Wednesday, September 23, 2020

Special Report : Sour taste in sugar-cane province

Jun 04. 2018
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By CHULARAT SAENGPASSA
THE NATION

“I HAVE NOT heard frogs or bullfrogs croaking recently. And I can’t help wondering if all of them have already died from farm chemicals,” said Luang Phor Wichien, the abbot of Ban Klong Charoen Temple in Nong Bua Lamphu’s Suwannakhuha district.

He was speaking after a research team came to his monastery to study the effects of potentially harmful pesticides and herbicides.

His temple sits next to a local dyke where the Boontan Municipality has erected a board warning people against swimming in the water or using it for their livestock. 

Findings from the recent research suggest local farmers might have overused farm chemicals and polluted the environment in a dangerous way. 

The size of that threat is indicated by a far higher rate of flesh-eating disease, necrotising fasciitis, in Nong Bua Lamphu than Thailand’s average.

Nationwide, just 27 in 100,000 Thais are diagnosed with necrotising fasciitis. But in Nong Bua Lamphu, that rate almost doubles to 49.8 in 100,000.

Abbot Luang Phor Wichien said he himself had developed rashes and wounds possibly because of farm chemicals, as he walks past sugarcane plantations every day to collect alms. 

When researchers from Naresuan University collected water samples from the dyke next to his temple last year, up to 34.22 milligrams of paraquat was found in each litre.

Paraquat, a weedkiller, has been banned in many countries due to health concerns. 

Nong Bua Lamphu authorities commissioned the 2017 research after high numbers of necrotising fasciitis and cellulitis cases were detected in the province. 

Associate Professor Puangrat Kajitvichyanukul from Naresuan University, one of the lead researchers, said downstream zones could suffer the most because contaminated water from farmland might flow to them.

After the 2017 research hinted at a link between paraquat and the illnesses, the Nong Bua Lamphu model was adopted as a new framework. The model covers a comprehensive research project featuring detailed study of the effects of farm chemicals, and promotion of organic farming as a solution running between now and 2021. 

The flesh eater

Wirun Khemphan, a 68-year-old resident in Tambon Boontan, now lives with a long scar on his left leg. The scar is proof that he has survived the flesh-eating disease that can cost victims their limbs. 

“To help me survive without amputations, doctors have removed portions of my flesh,” he said, showing his wound. “Gauze had been stuffed inside for quite a while.”

Due to that experience, he no longer uses paraquat on his farm. 

“I am so scared,” he said.

But he said his relatives continue to use paraquat to eradicate weeds. 

Money is the reason, he explained. Paraquat costs a modest Bt6,000 to Bt7,000 a year to protect the average farm. To hire farmhands to get rid of the weeds would cost a lot more in labour wages. 

Khemporn Kingthong, a 44-year-old farmer, said he regularly used paraquat and the herbicide glyphosate because they delivered fast results. 

“I know such chemicals are dangerous. But I feel like I have no other choices,” he said.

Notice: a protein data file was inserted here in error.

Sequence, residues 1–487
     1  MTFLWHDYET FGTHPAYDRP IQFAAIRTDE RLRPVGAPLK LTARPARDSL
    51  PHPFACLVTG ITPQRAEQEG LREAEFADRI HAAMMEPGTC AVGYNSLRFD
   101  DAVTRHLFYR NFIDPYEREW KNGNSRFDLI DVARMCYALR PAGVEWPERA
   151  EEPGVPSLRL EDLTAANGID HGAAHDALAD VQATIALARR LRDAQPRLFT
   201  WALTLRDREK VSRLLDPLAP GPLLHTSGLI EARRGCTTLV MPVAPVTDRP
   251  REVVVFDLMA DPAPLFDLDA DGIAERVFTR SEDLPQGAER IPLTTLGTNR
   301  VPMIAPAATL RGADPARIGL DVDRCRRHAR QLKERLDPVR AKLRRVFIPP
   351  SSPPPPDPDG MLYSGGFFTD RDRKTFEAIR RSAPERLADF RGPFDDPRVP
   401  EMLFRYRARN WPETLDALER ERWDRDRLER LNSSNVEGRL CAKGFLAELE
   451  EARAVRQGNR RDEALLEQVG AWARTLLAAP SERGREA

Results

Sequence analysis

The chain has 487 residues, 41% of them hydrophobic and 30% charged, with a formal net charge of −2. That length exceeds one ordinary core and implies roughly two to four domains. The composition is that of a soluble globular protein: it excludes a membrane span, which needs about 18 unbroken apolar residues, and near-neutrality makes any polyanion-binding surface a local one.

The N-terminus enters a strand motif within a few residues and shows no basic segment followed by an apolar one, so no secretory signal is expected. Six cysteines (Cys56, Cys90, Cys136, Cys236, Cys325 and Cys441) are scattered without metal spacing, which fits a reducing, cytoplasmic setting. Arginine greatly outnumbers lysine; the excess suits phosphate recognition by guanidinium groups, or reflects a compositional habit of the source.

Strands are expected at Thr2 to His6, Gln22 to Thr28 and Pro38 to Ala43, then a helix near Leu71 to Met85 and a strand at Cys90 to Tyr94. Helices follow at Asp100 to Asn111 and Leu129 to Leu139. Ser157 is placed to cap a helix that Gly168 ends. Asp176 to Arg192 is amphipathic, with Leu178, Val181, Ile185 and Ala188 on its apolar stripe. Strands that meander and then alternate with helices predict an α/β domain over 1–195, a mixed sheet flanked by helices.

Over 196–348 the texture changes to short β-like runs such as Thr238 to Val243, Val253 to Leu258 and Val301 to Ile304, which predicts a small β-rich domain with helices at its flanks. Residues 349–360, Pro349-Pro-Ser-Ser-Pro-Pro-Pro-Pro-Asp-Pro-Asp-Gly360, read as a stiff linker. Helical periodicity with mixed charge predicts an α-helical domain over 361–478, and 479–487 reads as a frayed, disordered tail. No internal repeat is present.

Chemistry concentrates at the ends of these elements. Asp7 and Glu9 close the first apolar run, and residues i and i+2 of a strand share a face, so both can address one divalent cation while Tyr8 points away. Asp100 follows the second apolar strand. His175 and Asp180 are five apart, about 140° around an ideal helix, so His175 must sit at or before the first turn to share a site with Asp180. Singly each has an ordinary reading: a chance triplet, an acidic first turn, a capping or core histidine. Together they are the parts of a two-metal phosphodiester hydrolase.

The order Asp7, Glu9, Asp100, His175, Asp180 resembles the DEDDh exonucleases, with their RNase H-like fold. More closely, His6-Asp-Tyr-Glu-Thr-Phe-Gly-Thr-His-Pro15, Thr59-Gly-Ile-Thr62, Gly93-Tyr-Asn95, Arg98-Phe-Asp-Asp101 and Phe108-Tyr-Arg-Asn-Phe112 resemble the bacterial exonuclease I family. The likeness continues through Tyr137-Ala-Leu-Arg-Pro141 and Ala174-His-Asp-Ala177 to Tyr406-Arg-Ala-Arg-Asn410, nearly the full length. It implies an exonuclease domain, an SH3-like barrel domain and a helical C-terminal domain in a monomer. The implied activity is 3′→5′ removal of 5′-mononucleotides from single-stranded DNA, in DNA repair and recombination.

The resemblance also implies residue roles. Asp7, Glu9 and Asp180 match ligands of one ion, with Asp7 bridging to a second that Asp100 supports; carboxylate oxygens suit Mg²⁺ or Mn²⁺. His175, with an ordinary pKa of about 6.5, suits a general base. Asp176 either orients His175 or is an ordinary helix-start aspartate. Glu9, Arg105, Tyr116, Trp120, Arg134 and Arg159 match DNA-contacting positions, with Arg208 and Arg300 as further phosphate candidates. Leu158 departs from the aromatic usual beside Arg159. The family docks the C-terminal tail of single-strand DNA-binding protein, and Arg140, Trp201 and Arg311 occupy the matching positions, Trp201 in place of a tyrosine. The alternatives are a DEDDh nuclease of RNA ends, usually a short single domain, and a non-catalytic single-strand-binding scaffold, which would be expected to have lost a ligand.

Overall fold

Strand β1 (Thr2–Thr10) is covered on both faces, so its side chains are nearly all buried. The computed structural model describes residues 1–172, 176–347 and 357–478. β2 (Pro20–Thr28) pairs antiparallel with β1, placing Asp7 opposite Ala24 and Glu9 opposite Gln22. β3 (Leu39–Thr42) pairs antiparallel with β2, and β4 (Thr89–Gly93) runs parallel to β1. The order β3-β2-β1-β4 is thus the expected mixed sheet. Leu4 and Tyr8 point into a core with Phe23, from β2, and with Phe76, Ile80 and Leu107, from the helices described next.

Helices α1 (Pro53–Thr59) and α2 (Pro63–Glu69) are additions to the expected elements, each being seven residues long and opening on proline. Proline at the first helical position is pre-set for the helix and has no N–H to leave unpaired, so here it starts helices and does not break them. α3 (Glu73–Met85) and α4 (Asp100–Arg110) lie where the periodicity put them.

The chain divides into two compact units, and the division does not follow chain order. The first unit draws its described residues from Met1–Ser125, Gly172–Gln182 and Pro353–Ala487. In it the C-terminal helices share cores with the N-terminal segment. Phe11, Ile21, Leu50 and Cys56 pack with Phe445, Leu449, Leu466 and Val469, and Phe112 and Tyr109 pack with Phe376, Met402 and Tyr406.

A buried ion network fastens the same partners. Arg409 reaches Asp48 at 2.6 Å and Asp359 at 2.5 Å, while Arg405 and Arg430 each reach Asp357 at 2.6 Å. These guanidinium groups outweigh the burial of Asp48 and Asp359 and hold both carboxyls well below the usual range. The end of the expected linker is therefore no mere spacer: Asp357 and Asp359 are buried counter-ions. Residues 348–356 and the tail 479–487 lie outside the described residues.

“Nothing works better than them at this point and at this price.”

Wachira Niamtha, kamnan of Tamboon Boontan, said he too had suffered at the hand of necrotising fasciitis.

“I don’t use weed killers. But probably water from nearby farmland gets mixed with water in my paddy fields,” he said. 

To minimise the health risks, Wachira said he had set a rule that the chemicals were strictly barred in areas within 100 metres from houses, communities, temples, schools and clinics. 

He said in other areas, users must erect warning signs when spraying is underway.

Panjama Paenthamla, 45, has her wound cleaned at Tambon Khok Nok Pattana Hospital in Nong Bua Lamphu province, to minimise the risk of necrotising fasciitis spreading further. The flesheating disease can cause death or amputation in severe cases. 

Public awareness of the health hazards from farm chemicals has also risen significantly in Nong Bua Lamphu province in recent months.

Mangkorn Kongwiang, a sugarcane farmer in Nong Bua Lamphu’s Si Bun Ruang district, said he had decided to stop using chemical weedkillers due to their health risk. 

Non Sang Hospitals director Dr Wisarut Charoenphan said that locals now came to see doctors as soon as symptoms surfaced.

“They don’t wait anymore. When they see red rashes or swollen limbs, they quickly come. So there are no cases of amputation these days,” he said. 

Nong Bua Lamphu public health chief Dr Surapong Phadungviang said 59 local people were diagnosed with necrotising fasciitis in his province during the first five months of this year. So far, he said it remained inconclusive as to whether the adverse effects of farm chemicals had already reduced due to the growing public awareness of the danger involved. 

“Last year, there were 254 cases of necrotising fasciitis in Nong Bua Lamphu. But the chemicals are usually used between May and |July. 

“So we have to wait and see whether efforts to curb farm chemicals and their impacts are successful,” he said. 

***This is the first in The Nation’s three-part series exploring the health hazards from farm chemical use in Nong Bua Lamphu province. The first report will focus on health issues, the second on the possible link between the government’s crop-choice policy and the increased use of potentially harmful pesticides and herbicides, and the third on organic farming that is touted as a sustainable solution. 

 

 

 

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